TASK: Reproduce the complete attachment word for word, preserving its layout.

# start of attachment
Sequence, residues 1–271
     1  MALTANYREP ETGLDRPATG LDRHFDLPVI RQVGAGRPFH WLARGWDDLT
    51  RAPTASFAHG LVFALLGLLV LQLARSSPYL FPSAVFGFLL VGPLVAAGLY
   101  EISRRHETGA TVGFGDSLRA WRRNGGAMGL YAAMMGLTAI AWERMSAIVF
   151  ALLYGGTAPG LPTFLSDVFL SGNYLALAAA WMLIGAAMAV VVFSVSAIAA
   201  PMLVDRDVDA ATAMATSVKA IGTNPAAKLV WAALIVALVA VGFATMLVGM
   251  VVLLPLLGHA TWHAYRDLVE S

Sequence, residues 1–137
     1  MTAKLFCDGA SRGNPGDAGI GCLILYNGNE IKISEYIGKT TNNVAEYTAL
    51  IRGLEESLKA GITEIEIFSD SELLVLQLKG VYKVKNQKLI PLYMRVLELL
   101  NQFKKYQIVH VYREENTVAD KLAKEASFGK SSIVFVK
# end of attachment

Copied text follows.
Sequence, residues 1–271
     1  MALTANYREP ETGLDRPATG LDRHFDLPVI RQVGAGRPFH WLARGWDDLT
    51  RAPTASFAHG LVFALLGLLV LQLARSSPYL FPSAVFGFLL VGPLVAAGLY
   101  EISRRHETGA TVGFGDSLRA WRRNGGAMGL YAAMMGLTAI AWERMSAIVF
   151  ALLYGGTAPG LPTFLSDVFL SGNYLALAAA WMLIGAAMAV VVFSVSAIAA
   201  PMLVDRDVDA ATAMATSVKA IGTNPAAKLV WAALIVALVA VGFATMLVGM
   251  VVLLPLLGHA TWHAYRDLVE S

Sequence, residues 1–137
     1  MTAKLFCDGA SRGNPGDAGI GCLILYNGNE IKISEYIGKT TNNVAEYTAL
    51  IRGLEESLKA GITEIEIFSD SELLVLQLKG VYKVKNQKLI PLYMRVLELL
   101  NQFKKYQIVH VYREENTVAD KLAKEASFGK SSIVFVK